Finding a Founding Father foodie at the festival

Thomas Jefferson

People from all over will come to the Gilroy Garlic Festival this weekend to sample the gastronomical delights in Gourmet Alley and munch on an assortment of victuals from various vendors. If you attend South Valley’s biggest culinary event, please raise a glass of wine in toast to America’s first “foodie.” I’m referring to my favorite Founding Father from Virginia, Mr. Thomas Jefferson.
The author of the Declaration of Independence, among his many other notable accomplishments, contributed much to influencing our nation’s cookery traditions. His zeal as a fine food connoisseur helped lay the foundation for America’s food experimentation that eventually led to Gilroy’s annual garlic extravaganza. We can find his spirit at the festival.
Jefferson truly delighted in quality cuisine. He had his kitchen slaves study with the best chefs of Europe so that they could bring their cooking techniques back to Monticello, his mountain-top Virginia estate. During his time as an ambassador, Jefferson gathered recipes from France and northern Italy, which his granddaughter, Virginia Randolph, collected. The recipes from this collection were included in a cookbook called “The Virginia Housewife,” published in 1824 by Jefferson’s cousin Mary Randolph. Culinary historian Karen Hess considers it the most influential book to shape American cooking in the 19th century.
Jefferson would appreciate our modern organic gardening movement. He was an experimental horticulturalist with a vast kitchen garden at Monticello where he grew 330 varieties of imported herbs and vegetables to enhance America’s traditionally bland food choices. Sprouting from the soil of his garden were Mexican chilies, midnight eggplants, Native American lima beans, African okra, French artichokes, 15 types of English peas (green peas were his favorite vegetable) and Native American corn brought back from the Lewis and Clark expedition. Monticello’s orchard included 170 varieties of fruit trees and berry bushes. Following a philosophy of diversifying the American diet, Jefferson shared seeds from his estate with other Southern plantations to encourage new crops for a new nation.
No doubt, if the third United States president were still alive, he would enjoy a day at the Gilroy Garlic Festival. And no doubt, he would sample some garlic ice cream. Jefferson was a big fan of this frozen dessert, and he frequently served it to his White House guests. His recipe was simple, bringing together heavy cream, eggs, sugar and vanilla beans in a concoction that was a concerto of flavor playing on his guests’ taste buds. He even came up with a recipe to serve balls of vanilla ice cream encased in a hot pastry, a prototype of the dessert we now know as baked Alaska.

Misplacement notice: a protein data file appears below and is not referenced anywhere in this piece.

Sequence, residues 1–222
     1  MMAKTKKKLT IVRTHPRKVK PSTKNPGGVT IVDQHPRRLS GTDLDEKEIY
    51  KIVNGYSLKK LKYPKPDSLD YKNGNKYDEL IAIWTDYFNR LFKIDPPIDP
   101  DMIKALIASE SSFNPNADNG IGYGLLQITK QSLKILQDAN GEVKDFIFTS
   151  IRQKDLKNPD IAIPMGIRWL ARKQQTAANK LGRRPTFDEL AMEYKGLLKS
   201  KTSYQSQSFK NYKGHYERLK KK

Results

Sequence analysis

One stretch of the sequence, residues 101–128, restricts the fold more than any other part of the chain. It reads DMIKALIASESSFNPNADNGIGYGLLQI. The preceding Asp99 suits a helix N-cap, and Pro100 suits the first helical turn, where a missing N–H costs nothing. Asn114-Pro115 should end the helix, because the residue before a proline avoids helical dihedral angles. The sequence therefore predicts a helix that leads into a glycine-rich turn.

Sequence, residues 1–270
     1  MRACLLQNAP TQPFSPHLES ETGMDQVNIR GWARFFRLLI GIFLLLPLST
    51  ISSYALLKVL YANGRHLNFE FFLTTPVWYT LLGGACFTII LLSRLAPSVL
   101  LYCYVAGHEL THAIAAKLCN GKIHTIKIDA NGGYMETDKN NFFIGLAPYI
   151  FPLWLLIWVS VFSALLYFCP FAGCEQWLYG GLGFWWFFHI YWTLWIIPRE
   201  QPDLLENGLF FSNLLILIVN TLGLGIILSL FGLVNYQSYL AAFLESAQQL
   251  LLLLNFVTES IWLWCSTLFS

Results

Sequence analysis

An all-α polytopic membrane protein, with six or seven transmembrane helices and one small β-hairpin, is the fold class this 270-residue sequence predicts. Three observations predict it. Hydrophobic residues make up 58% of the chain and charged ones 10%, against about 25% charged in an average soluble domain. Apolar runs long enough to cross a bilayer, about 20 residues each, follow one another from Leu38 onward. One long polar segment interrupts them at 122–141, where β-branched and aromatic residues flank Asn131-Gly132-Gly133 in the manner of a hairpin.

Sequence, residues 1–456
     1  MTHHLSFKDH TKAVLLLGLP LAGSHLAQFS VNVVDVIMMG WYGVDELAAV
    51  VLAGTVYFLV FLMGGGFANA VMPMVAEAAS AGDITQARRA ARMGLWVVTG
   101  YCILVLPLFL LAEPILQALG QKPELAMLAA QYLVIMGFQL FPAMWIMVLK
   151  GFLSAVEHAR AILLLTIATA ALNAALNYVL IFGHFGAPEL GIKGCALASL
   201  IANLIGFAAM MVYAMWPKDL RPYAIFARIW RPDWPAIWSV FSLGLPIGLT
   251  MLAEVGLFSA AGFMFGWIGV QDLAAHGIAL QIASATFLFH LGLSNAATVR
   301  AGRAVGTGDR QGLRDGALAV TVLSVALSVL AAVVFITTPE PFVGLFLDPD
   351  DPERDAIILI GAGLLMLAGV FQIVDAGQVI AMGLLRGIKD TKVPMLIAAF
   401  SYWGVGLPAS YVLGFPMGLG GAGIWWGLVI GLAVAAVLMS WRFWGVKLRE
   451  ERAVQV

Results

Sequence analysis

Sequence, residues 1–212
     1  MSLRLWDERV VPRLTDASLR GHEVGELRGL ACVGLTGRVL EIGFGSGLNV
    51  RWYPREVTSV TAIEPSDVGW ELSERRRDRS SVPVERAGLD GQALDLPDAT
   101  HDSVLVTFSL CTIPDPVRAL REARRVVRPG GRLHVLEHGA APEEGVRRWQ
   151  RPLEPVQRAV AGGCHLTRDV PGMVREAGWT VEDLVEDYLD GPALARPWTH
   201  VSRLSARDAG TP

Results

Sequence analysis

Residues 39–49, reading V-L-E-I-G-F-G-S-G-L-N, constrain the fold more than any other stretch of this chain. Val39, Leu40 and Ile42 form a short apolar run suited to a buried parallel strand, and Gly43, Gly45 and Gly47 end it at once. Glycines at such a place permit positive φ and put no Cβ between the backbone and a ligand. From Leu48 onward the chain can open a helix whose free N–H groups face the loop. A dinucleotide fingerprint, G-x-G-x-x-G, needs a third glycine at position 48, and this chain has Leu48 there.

My favorite Jefferson culinary story involves an Italian pasta machine he brought back from Europe after spending time there as the American ambassador in France. For an 1802 state dinner, Jefferson had his White House chef prepare a batch of macaroni using the machine. He then instructed the chef to mix fresh butter and Parmesan cheese into the pasta and cook it in a 400-degree oven. Jefferson’s “macaroni pie” was served to the guests to great acclaim. The dish that was celebrated at a White House state dinner would later serve as the basis for our own mac and cheese staple of the American diet loved by kids for generations.
At Monticello and the White House, Jefferson would often give elaborate dinner parties where guests were treated to delicious meals accented with fine wines imported from Europe. Jefferson understood that food can be a tool of statesmanship. There’s something about human nature where tensions can often ease when we join together for culinary revelry. Jefferson understood that when people gather together at a table and share a first-rate meal and a glass or two of vino, they tend to set aside their ideologies and agendas and start to see each other in a more convivial light. Perhaps Jefferson’s insight in mixing fine food and affairs of state might help our current contentious crop of members of Congress overcome their enmity.
And I’m sure Jefferson would appreciate the words of Marion Cunningham, a champion of home cooking who died recently in Walnut Creek at the age of 90. Cunningham wrote recipe books including the classic “Fannie Farmer Cookbook.” In her forward to the book “Lost Recipes,” she wrote: “Home cooking is a catalyst that brings people together. We are losing the daily ritual of sitting down around the table (without the intrusion of television), of having the opportunity to interact, to share our experiences and concerns, to listen to others.”
For the future of the American republic which he helped establish, a certain Founding Father foodie from the Commonwealth of Virginia would wholeheartedly agree with Cunningham’s sentiment.

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